The damning study could signal change for the British film industry
A recent study by the British Film Institute has revealed the extent to which British films consistently fail to turn a profit. The findings show that a mere 7% of UK films between 2003 and 2010 made a profit in a damning expose of the country’s proud industry.
Naomie Watts in Diana
The worst in terms of fiscal return were low-budget projects; only 3.1% of films with budgets of £500,000 or less became profitable, while at the other end of the spectrum, under a fifth of films with budgets of more than £10m turned a profit, according to the findings, which were presented by the BFI's David Steele at the Screen Film Summit.
Steele posed the question: "What does one do faced with those sorts of numbers? Clearly, portfolio investment is necessary to negate the risk and secondly, qualitative judgement. Try to choose filmmakers' projects that have above average chance of making a profit. Some can do that better than others." (Guardian)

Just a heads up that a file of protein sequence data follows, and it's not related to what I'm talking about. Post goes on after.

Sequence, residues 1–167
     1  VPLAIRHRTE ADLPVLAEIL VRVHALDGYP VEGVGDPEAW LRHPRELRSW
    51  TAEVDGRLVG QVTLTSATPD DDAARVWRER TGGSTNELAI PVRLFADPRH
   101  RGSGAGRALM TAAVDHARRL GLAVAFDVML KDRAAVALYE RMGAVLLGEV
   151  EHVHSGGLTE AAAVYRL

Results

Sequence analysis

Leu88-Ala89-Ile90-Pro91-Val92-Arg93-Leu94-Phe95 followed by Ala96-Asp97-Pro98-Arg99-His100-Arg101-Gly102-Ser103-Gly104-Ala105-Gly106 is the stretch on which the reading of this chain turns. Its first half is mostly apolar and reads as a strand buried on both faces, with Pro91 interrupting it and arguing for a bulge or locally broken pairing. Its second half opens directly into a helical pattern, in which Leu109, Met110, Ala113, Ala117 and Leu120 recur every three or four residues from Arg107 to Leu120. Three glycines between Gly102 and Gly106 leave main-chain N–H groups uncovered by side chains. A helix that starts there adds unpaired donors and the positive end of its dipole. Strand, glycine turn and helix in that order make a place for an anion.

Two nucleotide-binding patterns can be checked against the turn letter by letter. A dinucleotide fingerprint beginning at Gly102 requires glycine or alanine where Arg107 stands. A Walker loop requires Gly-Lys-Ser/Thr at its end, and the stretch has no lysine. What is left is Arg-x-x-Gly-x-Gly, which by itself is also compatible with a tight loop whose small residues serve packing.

One of the more high-profile failures of that studied period was Diana, which failed spectacularly at the box office. But, the Oliver Hirschbiegel-directed film suffered from dangerously negative reviews (it scored 8% on Rotten Tomatoes) and wasn’t representative of the endemic problems with British cinema.
With British film usually shown domestically, meaning, shown on a relatively small island, it’s difficult to imagine many British films - apart from the quasi-British films like Harry Potter and James Bond – cracking the international market, which is something Steele thinks needs to change as soon as possible.
“In the most rapidly growing part of the world economy we are underpowered so something has to be done, like trade delegations to China, to crack those markets," he explained. "There are considerable institutional barriers to be overcome as well as marketing barriers."